Modify a working example

Save the following files from the DEBtool folder /lib/pet into your working folder:

  • mydata_my_pet for setting data and references
  • predict_my_pet for specifying model predictions
  • pars_init_my_pet for initiating parameter values and fix/free them
  • run_my_pet for checking, setting estimation options and run estimation

You subsequently edit the name of these files, replacing my_pet by the latin name of your species (genus and species in the name connected by an underscore). Open the files and make the same change in the header of the files. Run by typing the name of your run file in your active window.

Alternatively, download the files of a similar species online and replace the name of that pet by the latin name of your species (genus and species in the name connected by an underscore). Open the files and make the same change in the header of the files. Run by typing the name of your run file in your active window.

DownloadAmPfiles.PNG

Make the entry

Replace the test data, other information and references in the mydata file by the corresponding information for your species. Replace the code in the predict file to compute the predictions that match your data.

Go to the specific page for each one to find instructions on how to create each file.

Depending on option settings, results will be printed to screen and/or a .mat file and/or .html file. This .mat file can be read with printmat('my_pet'). You can start parameter estimation from an automatized setting, the initial setting as specified in pars_init, or from the results_my_pet.mat file, which was written after a previous run. You can reduce or enhance the effect of particular data sets/points by changing weight coefficients in mydata. The function parscomp_st is used in predict files to compute compound parameter from primary parameters; most DEBtool/animal functions work with scaled parameters. The script run_my_pet first checks the consistency of the three user-defined functions with check_my_pet, assuming that they have no Matlab errors. Then estimation-options are set, such as the maximum number of iterations, or no estimation at all. Finally the estimation and automatized presentation of results are called; the presentation of results can (optionally) be customized with function custom_results_my_pet. Plots with the same labels and units can be combined into one plot, by assigning datasets to a group and setting a caption.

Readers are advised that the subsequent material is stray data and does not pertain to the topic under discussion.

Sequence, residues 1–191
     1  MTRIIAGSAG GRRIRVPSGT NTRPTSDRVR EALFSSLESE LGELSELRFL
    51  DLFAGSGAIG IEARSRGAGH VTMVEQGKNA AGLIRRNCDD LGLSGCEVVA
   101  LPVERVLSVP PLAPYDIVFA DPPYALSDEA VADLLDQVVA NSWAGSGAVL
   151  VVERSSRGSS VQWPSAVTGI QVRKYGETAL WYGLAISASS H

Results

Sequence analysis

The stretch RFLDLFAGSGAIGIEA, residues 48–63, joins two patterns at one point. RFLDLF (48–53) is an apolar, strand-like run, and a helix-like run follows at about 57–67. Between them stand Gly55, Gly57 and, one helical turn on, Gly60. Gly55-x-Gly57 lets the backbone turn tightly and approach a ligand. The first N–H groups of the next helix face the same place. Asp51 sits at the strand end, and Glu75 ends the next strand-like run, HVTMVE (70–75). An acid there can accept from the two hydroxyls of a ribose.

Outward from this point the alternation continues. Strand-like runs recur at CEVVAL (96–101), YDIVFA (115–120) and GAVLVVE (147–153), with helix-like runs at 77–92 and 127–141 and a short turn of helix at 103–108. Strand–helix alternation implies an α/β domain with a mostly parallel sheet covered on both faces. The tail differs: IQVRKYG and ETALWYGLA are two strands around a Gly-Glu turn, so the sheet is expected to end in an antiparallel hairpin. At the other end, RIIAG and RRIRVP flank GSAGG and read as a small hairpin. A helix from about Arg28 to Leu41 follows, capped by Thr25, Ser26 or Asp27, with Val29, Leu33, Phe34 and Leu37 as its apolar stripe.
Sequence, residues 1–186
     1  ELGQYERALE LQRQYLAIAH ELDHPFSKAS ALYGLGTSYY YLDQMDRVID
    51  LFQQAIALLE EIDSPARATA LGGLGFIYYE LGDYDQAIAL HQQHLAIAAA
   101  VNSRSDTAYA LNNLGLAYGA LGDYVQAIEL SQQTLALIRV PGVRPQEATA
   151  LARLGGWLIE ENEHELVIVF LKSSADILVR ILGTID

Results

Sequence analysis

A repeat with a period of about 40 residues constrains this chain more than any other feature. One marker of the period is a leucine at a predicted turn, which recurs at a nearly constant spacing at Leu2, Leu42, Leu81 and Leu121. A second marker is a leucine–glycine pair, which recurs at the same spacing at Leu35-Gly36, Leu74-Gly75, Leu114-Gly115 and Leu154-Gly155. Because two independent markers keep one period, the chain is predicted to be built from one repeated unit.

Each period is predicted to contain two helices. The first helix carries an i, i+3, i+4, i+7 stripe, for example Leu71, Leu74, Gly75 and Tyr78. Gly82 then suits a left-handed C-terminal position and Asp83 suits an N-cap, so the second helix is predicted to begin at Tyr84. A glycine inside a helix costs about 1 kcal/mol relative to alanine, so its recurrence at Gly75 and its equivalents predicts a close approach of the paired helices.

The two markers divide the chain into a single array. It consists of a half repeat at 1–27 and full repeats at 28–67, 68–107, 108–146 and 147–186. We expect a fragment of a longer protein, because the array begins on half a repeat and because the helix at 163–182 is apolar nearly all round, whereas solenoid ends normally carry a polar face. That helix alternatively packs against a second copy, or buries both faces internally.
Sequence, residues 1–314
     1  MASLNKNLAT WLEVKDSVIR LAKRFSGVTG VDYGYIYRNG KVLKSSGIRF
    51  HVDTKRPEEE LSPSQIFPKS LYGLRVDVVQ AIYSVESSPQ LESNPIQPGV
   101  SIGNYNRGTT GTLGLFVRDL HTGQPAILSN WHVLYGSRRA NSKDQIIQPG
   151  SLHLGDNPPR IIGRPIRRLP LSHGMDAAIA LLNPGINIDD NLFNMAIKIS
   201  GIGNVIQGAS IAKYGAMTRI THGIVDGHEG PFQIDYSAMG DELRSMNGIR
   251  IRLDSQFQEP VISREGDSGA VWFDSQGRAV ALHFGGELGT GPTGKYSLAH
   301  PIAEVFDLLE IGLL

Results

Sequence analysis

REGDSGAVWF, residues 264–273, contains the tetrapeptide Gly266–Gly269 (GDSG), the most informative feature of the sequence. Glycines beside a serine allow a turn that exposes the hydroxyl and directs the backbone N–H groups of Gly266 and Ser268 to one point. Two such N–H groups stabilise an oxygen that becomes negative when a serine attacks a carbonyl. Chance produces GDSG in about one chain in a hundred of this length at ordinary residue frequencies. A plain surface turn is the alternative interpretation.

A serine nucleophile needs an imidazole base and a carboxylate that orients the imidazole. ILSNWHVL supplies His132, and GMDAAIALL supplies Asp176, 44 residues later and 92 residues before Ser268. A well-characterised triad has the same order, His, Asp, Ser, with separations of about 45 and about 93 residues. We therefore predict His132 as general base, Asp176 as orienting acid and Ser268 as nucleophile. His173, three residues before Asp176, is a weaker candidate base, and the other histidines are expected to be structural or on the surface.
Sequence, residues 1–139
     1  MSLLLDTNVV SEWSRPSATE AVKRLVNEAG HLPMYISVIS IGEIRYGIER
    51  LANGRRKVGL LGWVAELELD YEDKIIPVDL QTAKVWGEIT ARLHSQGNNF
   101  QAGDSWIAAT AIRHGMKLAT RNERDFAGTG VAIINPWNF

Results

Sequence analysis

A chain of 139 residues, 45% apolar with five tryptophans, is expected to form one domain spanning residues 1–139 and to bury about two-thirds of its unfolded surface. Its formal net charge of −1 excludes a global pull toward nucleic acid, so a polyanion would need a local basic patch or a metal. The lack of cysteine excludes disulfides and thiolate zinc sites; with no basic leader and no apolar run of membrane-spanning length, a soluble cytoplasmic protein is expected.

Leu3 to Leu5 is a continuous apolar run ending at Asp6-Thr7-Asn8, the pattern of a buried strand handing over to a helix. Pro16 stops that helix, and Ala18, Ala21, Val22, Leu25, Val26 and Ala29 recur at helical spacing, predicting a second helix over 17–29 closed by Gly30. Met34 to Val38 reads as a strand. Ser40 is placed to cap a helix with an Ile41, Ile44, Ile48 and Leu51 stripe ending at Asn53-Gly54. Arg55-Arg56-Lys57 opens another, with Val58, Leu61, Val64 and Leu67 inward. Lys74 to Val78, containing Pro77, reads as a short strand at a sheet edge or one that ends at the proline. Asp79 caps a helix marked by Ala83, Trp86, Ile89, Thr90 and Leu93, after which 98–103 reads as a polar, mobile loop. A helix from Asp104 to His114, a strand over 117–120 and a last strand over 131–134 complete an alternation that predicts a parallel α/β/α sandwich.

Effect of parameter values on predictions

Before you start parameter estimation, it makes sense to study the effect of parameter values on the predictions. This is done using, in run_my_pet, the two options:

  • estim_options ('method', 'no')
  • estim_options('pars_init_method', 2)

Then you can manually bring the parameter values in the neighborhood of realistic ones by following the nine steps procedure. Please note that this works well for the 'std' model, but needs to be adjusted if using 'abj'.

See also

How to set and read the initial parameter values, weight coefficients, etc. See 'Practice and getting started' section on the right hand side.